The Belize Progressive Party (BPP) didn’t exactly make a big splash in 2015 General Elections, garnering exactly 1.63% of votes, but the alternative party says that it’s sticking around.
Commemorating just over 100 days in office, on Tuesday, leaders of the BPP signed a 10 year lease on its first headquarters located in Belize City. According to BPP spokesperson, Hipolito Bautista, the new base is a tangible sign that “We are in this for the long haul. We are not a fly by night political party.”
Located at the corner of Partridge and Vernon Street, the BPP’s home for the next 10 years at least, with a lease option for another 10, could use some work. BPP Leader Patrick Rogers says that’s where a majority of the income from the very decent $500 a month rent is going to go – that and paying taxes which have accrued on the property.
But for the Party this is about much more than acquiring and occupying the old building which has belonged to the Rogers family for many years.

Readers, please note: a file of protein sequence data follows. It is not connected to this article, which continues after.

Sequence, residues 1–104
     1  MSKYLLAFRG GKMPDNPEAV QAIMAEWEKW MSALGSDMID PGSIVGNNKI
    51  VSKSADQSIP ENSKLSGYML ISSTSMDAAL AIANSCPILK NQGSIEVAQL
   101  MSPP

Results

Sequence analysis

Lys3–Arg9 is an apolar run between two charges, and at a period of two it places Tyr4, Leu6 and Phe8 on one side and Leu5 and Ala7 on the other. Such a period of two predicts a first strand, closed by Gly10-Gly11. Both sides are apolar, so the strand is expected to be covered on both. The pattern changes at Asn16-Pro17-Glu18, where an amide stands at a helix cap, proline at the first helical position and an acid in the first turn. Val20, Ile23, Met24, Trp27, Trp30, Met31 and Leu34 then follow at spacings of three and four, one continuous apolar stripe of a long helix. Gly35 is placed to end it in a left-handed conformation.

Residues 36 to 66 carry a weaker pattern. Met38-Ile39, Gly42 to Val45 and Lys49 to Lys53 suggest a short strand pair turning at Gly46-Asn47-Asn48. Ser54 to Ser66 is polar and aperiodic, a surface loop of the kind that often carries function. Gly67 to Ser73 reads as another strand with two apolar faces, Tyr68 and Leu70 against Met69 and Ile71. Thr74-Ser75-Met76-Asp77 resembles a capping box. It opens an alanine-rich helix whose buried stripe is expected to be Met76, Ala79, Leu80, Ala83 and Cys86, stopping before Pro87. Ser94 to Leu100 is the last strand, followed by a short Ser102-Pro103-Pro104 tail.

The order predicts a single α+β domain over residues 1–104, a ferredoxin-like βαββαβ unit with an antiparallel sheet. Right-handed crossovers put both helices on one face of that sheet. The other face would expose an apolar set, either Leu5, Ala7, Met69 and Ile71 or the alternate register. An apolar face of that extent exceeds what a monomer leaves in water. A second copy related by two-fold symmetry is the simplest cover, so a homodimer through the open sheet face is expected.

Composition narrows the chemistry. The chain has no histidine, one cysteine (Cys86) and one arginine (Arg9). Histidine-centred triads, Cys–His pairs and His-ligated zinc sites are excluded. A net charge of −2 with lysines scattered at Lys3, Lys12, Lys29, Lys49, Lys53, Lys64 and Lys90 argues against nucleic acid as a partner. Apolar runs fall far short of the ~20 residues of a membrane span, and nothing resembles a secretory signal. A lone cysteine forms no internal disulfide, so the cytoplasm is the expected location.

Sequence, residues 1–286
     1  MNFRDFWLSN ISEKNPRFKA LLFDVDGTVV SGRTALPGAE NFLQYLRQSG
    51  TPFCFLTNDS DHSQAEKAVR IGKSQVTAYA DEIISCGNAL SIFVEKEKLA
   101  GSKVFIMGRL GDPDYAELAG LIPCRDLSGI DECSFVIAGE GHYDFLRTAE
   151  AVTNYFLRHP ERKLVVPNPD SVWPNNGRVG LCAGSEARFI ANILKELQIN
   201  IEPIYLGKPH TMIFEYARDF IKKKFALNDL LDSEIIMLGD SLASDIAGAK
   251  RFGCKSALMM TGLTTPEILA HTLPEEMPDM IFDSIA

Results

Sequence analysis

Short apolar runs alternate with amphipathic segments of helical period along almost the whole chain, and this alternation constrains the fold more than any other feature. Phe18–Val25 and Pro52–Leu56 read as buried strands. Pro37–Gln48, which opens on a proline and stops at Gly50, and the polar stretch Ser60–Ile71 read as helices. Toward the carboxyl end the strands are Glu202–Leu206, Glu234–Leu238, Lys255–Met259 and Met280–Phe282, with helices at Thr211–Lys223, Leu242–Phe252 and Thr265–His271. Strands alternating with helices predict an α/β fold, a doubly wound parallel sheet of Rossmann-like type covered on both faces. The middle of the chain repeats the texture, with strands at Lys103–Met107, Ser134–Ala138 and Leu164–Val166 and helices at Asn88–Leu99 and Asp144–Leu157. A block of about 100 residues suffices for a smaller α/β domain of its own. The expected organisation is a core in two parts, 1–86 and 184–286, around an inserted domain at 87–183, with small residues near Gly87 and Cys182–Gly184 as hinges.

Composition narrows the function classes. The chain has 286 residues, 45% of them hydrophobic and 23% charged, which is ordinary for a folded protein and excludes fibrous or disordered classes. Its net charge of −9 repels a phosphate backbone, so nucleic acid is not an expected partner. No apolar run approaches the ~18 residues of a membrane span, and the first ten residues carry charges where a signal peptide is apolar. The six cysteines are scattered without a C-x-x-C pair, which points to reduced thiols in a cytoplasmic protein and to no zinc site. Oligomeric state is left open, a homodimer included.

The BPP was formed in October – a hybrid of the Vision Inspired by the People (VIP), the People’s National Party (PNP) and other independents. It has struggled to assert its identity in Belizean politics, faced with the dominance of the two mass parties, which have never ceded ground. And that’s the importance of putting down a foundation in the city.
According to Rogers, “this is a historic first step in establishing ten plus the ten option – twenty years of permanency for the BPP right here at 63 Vernon Street. We have taken roots Belize.”
The BPP says this is just the start of big things to come, including the circulation of a monthly newsletter to be called “The Progressive” and the dissemination of their message through internet radio. Rogers says that the silence of the BPP at times should not be mistaken for inactivity – “we’ve just been busy doing, instead of talking.” Still, he says, that at least once every three months the BPP will be holding a conference to engage with the public and keep them updated.
“As is testimony to the past 100 days of BPP activism, we remain engaged and open to liaise with the community,” party activist Paco Smith told the Reporter. He says that the party has been actively campaigning against corruption, advocating that government sign on to anti-corruption conventions. Added to that critical and sizable platform, the BPP also continues to advocate and agitate for more government activity and presence in the Sarstoon and along the border.